Search Images Maps Play YouTube News Gmail Drive More »
Sign in
Screen reader users: click this link for accessible mode. Accessible mode has the same essential features but works better with your reader.

Patents

  1. Advanced Patent Search
Publication numberUS6726098 B2
Publication typeGrant
Application numberUS 10/073,796
Publication dateApr 27, 2004
Filing dateFeb 11, 2002
Priority dateOct 6, 1992
Fee statusPaid
Also published asUS6003770, US6170745, US6290127, US6382507, US6651883, US6964369, US7137548, US7708197, US20010030236, US20020104880, US20020104881, US20040112955, US20040112956, US20070034690, US20090298464
Publication number073796, 10073796, US 6726098 B2, US 6726098B2, US-B2-6726098, US6726098 B2, US6726098B2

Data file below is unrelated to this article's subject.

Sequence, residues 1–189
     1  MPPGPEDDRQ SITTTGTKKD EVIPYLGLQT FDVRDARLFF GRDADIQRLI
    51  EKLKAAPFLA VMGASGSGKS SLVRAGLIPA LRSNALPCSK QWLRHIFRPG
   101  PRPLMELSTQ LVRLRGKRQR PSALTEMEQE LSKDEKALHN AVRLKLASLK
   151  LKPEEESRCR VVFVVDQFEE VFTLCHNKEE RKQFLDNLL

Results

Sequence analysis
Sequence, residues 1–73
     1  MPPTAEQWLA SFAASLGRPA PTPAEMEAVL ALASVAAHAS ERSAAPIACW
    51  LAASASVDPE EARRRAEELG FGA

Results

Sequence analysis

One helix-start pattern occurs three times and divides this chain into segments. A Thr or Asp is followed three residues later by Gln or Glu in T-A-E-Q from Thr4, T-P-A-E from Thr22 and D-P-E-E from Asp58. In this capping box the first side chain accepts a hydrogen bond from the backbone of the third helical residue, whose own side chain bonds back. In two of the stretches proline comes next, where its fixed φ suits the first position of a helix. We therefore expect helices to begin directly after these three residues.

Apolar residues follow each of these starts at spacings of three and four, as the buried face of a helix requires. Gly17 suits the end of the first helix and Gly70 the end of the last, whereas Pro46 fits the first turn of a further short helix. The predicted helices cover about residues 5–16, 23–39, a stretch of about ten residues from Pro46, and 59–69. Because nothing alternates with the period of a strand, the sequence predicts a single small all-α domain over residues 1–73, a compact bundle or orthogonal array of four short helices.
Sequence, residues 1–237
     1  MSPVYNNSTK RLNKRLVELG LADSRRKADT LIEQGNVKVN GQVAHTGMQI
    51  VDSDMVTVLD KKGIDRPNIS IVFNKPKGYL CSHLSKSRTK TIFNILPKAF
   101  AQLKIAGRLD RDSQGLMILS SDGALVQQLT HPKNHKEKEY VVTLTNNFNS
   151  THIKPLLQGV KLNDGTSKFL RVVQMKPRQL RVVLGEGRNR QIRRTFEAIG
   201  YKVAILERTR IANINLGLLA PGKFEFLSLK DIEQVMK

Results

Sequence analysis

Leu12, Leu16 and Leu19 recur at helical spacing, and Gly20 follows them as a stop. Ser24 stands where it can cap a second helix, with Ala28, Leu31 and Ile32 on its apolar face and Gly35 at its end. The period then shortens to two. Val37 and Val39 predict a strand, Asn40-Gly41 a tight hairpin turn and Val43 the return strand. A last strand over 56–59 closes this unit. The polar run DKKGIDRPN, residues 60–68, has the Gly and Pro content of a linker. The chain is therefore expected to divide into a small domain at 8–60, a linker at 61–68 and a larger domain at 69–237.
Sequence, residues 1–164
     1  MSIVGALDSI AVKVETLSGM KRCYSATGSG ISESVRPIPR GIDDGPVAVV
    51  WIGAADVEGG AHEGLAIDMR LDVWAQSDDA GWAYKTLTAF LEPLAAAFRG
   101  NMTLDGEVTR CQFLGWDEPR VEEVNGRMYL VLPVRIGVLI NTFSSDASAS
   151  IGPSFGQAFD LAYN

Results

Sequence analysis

InventorsDonald L. Schilling
Original AssigneeInterdigital Technology Corporation
Export CitationBiBTeX, EndNote, RefMan
External Links: USPTO, USPTO Assignment, Espacenet
Performing local transactions using a wireless radio unit
US 6726098 B2
Abstract
A monetary amount is allocated to a user of a radio unit. The user initiates a wireless telephone call using the radio unit to engage in a local transaction other than for wireless telephone services. The user is permitted to engage in the local transaction based on in part the allocated monetary amount. A monetary amount associated with the local transaction is debited from the allocated monetary amount.
Images(10)
Previous page
Next page
Claims(20)
What is claimed is:
1. A method for performing local transactions, the method
based on in part the allocated monetary amount, permitting the user to engage in the local transaction; and